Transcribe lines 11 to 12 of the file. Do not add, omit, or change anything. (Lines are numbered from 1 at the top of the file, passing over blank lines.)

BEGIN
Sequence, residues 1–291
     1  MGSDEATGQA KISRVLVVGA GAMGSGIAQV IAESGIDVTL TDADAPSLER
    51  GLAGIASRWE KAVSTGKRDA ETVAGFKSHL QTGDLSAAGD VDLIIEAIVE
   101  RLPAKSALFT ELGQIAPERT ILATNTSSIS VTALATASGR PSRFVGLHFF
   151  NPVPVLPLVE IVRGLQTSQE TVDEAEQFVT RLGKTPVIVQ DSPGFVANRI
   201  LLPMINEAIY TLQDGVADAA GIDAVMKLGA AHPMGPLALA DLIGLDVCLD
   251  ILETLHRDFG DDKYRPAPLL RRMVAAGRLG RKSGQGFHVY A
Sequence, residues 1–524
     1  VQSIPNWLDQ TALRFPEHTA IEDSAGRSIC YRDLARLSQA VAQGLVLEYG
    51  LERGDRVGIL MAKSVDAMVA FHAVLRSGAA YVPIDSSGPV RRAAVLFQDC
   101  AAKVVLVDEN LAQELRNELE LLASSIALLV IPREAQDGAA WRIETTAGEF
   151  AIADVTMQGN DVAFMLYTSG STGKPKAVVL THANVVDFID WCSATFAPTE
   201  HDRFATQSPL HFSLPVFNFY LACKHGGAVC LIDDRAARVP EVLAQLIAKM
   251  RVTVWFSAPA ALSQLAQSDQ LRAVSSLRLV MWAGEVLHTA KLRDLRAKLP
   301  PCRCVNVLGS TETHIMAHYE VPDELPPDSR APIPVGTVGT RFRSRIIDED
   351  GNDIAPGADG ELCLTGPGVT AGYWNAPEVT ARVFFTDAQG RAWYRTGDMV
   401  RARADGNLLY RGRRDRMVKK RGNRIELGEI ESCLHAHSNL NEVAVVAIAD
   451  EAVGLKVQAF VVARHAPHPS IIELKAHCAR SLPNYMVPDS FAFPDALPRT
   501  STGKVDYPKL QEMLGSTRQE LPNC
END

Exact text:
   101  AAKVVLVDEN LAQELRNELE LLASSIALLV IPREAQDGAA WRIETTAGEF
   151  AIADVTMQGN DVAFMLYTSG STGKPKAVVL THANVVDFID WCSATFAPTE